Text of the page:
The Oxford Encyclopedia of the Islamic World
Edited by John L. Esposito
Publishing in print in February 2009, this encyclopedia presents students, researchers, political analysts, journalists, and common readers with accurate, comprehensive, and balanced scholarship on all aspects of the world's fastest-growing religion and the areas it affects: society, politics, economics, everyday life, culture, and thought.
A six-volume work, this set constitutes a major revision and massive expansion of the 1995 Oxford Encyclopedia of the Modern Islamic World. In addition to covering Islamic societies in the modern world from the eighteenth century to the present, as the earlier four-volume set did, it will add a depth of historical background going back to the pre- Islamic era. The new reference also covers the full geographical extent of Islam by focusing not only on the countries in which Islam is dominant, but also on regions in which Muslims live as minorities, such as Europe and the Americas.
As with the original Oxford Encyclopedia of the Modern Islamic World, the articles in this new encyclopedia take a broad, comparative, and multidisciplinary approach in dealing with issues that span across a multitude of countries and centuries.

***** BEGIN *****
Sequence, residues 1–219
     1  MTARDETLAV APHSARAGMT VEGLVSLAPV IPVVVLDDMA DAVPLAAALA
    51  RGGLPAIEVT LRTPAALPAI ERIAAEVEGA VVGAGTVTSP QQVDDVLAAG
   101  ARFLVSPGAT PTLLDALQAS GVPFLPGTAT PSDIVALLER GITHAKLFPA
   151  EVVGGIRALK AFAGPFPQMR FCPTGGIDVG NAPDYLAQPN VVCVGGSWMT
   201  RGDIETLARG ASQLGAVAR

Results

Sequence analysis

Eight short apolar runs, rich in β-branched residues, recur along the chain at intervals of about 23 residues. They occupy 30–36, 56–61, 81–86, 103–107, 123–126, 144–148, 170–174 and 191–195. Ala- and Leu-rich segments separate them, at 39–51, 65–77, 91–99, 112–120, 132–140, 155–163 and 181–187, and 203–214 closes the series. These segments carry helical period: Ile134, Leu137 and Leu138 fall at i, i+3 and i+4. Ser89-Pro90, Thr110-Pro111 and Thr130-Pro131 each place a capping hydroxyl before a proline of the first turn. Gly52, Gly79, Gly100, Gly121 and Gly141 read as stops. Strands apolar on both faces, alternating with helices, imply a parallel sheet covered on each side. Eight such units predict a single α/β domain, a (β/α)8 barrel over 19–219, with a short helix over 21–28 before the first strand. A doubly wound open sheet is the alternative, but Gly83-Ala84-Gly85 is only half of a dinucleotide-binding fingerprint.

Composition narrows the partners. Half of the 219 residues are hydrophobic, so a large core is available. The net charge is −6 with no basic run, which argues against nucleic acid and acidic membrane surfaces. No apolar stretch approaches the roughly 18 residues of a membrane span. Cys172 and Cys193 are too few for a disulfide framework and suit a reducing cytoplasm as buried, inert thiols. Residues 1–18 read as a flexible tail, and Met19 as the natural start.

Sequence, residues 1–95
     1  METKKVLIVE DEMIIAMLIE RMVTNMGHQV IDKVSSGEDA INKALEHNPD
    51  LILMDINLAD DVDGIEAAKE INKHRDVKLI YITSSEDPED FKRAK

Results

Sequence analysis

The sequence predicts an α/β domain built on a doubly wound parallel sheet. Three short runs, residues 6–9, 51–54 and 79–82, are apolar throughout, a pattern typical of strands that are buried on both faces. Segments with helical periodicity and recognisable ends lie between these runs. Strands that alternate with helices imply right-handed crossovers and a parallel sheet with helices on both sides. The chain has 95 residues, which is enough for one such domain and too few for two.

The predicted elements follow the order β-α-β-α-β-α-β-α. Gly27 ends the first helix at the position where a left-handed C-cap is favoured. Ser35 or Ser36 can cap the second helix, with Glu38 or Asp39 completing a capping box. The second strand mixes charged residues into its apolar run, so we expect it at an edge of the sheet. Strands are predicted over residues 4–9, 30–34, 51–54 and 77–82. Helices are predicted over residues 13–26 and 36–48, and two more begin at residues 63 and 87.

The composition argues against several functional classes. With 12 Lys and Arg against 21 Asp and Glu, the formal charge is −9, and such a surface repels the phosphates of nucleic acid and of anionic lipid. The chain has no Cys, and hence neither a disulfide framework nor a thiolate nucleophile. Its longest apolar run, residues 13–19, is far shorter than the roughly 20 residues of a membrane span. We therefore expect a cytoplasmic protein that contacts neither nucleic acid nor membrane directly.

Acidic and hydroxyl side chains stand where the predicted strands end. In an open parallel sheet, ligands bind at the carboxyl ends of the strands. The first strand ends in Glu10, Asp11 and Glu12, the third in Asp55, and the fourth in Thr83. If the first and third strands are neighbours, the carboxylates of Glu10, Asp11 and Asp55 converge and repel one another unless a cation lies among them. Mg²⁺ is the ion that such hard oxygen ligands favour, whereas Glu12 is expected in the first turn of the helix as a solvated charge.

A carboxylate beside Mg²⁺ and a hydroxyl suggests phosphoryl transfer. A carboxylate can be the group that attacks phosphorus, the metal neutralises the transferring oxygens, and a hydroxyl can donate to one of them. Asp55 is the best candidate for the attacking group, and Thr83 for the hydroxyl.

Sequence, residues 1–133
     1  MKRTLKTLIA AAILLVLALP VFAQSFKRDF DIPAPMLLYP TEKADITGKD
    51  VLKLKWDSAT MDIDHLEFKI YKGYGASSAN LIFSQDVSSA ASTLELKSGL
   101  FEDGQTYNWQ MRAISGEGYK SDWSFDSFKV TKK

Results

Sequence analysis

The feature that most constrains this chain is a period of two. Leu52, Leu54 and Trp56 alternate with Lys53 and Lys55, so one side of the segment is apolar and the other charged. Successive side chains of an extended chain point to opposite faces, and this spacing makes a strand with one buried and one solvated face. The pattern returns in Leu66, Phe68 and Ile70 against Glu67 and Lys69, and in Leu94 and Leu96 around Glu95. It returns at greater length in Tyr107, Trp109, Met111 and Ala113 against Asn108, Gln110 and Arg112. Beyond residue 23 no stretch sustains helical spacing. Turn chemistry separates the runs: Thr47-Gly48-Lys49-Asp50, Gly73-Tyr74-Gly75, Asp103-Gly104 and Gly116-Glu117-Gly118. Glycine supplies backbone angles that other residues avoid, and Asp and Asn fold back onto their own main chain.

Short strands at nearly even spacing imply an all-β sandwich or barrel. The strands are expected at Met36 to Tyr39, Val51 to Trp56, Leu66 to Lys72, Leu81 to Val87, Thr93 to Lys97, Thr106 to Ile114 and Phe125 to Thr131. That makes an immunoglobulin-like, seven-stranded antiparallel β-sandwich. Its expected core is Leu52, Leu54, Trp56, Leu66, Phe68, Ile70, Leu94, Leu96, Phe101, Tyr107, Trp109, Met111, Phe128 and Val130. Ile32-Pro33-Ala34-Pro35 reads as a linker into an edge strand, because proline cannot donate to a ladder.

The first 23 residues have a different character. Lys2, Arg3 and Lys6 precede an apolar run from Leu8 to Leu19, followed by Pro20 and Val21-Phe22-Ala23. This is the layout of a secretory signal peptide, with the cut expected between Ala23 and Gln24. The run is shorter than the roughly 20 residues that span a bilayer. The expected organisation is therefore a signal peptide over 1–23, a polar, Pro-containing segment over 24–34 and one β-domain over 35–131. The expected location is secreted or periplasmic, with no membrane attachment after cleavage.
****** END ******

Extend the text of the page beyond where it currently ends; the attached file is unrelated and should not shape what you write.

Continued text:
Editor in Chief
John L. Esposito, Professor of Religion and International Affairs and Founding Director, Prince Alwaleed Bin Talal Center for Muslim-Christian Understanding, Georgetown University
Natana J. DeLong-Bas, Lecturer in Theology, Boston College
Shahrough Akhavi, Professor of Political Science, University of South Carolina
James P. Piscatori, Fellow of Wadham College and the Oxford Centre for Islamic Studies, Member of the Faculties of Social Studies and Oriental Studies, University of Oxford
Tamara Sonn, William R. Kenan Distinguished Professor of Humanities in the Department of Religious Studies, College of William and Mary
John O. Voll, Professor of Islamic History, Associate Director of the Prince Alwaleed Bin Talal Center for Muslim-Christian Understanding, Georgetown University
Hakan Yavuz, Associate Professor of Political Science, University of Utah